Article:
Archive for June 2010

Oil and other toxic things

June 5, 2010

The man who can smile in the face of adversity has found someone else to blame it on.

As most of you know by now, I am generally disinclined to get into politics in any public venue. I find politics, like any area into which people inject feelings of religious fervor, worth avoiding under nearly all circumstances. Part of the reason why I stay away from these things is that I seem unable to truly agree with anyone, having a brain either blessed or cursed with a fairly unique set of operational habits; and I don’t like to argue, probably because I would rather discuss and work together to root out truth.

Once again, I’m coming at things from an odd perspective, and I don’t have definitive answers. But it seems to me that most of the current interpretations of the disaster spilling into the Gulf of Mexico miss the mark.

Here’s the bottom line, as far as I can tell: Oil is toxic and dangerous, and we allow it into our lives at our peril. This week we’re blaming BP for the Gulf; before that it was Chevron, for Chernobyl; some of us are old enough to remember cutting up our Exxon credit cards in disgust after the Valdiz. But the truth is that collecting, transporting, and refining oil is a dangerous and toxic business no matter who does it, and all the companies operating in that sphere are more or less the same. There is no question that Oil companies, just like companies in any other business, don’t CARE; it’s not their charter to care, and we forget that at our peril, too. In this regard BP is no worse than any of them. Their investors don’t ask them to care; they expect them to make money. As consumers we don’t ask them to care, either; not really. We wouldn’t tolerate what oil would cost if they did.

The bottom line is that if we want things like this to stop happening, no amount of regulation or accountability accepted by the outfit that was standing watch when the latest disaster occurred will matter. Our relationship with oil is toxic, as toxic as the stuff itself, and–as with any toxic relationship–if we want to put this disaster-ridden phase of our lives behind us, we have to find some way to move on. The gas we put in our cars is only the most obvious starting point. Take a look at this list of things that come from oil. How can we solve the problems addressed by these products with things that come from other sources? What can we buy instead?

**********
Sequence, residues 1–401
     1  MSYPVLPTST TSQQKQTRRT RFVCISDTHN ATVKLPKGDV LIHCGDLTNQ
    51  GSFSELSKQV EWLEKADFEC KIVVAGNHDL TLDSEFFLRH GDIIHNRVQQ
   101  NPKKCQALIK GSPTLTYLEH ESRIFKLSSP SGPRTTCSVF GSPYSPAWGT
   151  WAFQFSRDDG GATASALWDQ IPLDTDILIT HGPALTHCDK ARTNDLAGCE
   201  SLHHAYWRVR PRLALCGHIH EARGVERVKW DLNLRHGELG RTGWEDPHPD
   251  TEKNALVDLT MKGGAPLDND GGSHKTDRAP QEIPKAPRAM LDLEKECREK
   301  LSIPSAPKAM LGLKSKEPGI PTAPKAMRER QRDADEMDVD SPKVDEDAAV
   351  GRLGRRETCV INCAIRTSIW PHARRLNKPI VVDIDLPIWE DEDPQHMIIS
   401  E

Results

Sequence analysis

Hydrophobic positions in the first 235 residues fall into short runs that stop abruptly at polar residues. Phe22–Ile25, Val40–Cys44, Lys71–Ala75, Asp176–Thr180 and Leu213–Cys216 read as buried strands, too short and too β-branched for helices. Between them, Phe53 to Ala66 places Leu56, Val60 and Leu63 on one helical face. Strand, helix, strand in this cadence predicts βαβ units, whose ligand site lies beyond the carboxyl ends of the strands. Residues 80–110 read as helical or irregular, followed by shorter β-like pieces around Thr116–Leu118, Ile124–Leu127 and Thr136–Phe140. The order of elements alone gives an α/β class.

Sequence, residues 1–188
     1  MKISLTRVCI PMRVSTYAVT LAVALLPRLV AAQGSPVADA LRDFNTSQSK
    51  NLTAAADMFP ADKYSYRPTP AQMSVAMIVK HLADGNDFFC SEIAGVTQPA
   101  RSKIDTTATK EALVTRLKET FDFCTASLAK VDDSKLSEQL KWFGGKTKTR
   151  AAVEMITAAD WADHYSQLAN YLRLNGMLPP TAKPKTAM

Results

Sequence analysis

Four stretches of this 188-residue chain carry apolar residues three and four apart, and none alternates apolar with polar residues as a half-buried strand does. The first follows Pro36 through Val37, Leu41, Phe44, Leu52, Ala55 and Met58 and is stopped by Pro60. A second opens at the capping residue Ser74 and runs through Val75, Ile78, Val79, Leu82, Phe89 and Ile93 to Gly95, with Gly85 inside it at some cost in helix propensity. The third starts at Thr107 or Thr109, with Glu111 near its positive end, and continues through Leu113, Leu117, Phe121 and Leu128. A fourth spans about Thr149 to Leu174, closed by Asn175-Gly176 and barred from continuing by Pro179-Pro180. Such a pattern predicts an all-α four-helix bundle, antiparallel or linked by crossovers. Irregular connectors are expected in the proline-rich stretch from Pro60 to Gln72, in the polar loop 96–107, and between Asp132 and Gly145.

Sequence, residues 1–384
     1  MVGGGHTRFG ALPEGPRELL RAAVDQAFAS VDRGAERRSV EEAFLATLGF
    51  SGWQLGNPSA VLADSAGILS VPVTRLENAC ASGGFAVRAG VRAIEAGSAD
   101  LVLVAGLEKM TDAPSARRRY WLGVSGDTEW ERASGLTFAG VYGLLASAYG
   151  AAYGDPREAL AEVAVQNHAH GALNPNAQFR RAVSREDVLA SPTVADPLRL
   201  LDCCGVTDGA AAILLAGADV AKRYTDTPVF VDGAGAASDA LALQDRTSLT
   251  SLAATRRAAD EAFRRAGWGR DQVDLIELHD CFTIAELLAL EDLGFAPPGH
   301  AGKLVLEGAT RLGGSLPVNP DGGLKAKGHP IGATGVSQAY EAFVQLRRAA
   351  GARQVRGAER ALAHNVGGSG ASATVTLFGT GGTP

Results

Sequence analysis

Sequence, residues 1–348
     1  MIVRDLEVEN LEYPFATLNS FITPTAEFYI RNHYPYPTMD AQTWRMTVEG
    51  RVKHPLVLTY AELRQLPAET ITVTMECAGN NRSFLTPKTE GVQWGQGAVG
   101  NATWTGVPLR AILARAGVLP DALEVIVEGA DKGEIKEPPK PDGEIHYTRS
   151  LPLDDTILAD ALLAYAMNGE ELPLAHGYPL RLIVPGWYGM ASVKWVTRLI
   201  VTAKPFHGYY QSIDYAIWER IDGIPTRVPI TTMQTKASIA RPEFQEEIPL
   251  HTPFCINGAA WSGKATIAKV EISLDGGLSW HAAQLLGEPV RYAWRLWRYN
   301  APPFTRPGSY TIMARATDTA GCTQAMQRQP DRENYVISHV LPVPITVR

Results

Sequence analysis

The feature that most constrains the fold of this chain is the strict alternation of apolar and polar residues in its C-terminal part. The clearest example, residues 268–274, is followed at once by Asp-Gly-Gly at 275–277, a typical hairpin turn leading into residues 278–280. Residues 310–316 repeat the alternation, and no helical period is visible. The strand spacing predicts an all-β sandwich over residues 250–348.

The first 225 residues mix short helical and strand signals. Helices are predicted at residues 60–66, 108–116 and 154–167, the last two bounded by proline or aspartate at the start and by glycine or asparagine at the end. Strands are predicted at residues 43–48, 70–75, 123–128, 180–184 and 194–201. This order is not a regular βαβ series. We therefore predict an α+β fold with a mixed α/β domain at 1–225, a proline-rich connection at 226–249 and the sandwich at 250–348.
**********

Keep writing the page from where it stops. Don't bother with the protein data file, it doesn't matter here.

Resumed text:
The most profound action any of us can make in this regard is reducing demand for this toxic substance we’ve grown dependent on; voting with our dollars. Because dollars are the only thing either companies or governments understand.

There’s a lot of talk going around regarding how to get back at BP. But even putting them out of business won’t solve the problem; they are no more to blame than any other company in the field. If we want to end this toxic situation, we need–individually and collectively–to use our dollars to vote it out. Maybe that means switching the products we buy to a different brand; maybe that means simply consuming less. Does insisting on *recycled* plastic help in this regard, or are we just changing the part of the process in which the new oil enters? I don’t know. And I should. I should understand much more about the ways oil sneaks into my daily life and what I might do instead.

I think I’d better make it my business to find out. I hope you will, too.

The power of smart

June 4, 2010

One of the most common mistakes I see in the work of developing writers is over-explaining. They do it in their own work; in critique groups they exhort one another to do it. Every mystery or odd character behavior not instantly explained is treated as a flaw.

This is wrong.

Yes, I said it, and as most of you know I make few black-and-white pronouncements. But this is a thing of which I’m absolutely certain.

Readers want to understand, but they don’t want you to *explain*. They want to figure things out for themselves: pursue the mysteries, unravel them thread by thread. Getting the right answer makes them feel smart; mysteries they understand but haven’t yet solved gives them things to talk about with friends who are reading the same book. There’s a reason why, despite its legion of flaws, Robert Jordan’s Wheel of Time series is so very popular: people are captivated by the mysteries within. They want to unravel them.

Letting your readers work for their answers is not the same thing as being incomprehensible. Oddly enough, one of the great litmus tests in this regard, one of the most persuasive signs you’re doing it right, is nagging from critique partners who don’t know better: complaints that run something like “I really think you should take some time to explain [insert truth here].”

[insert truth here]. That’s your clue: your critique partner just figured it out for herself. She actually didn’t need you to explain. If with a little bit of mental effort, readers can figure things out for themselves, they don’t need you to explain more. They just need clues and time. Trust me; they’ll love you for making them feel smart.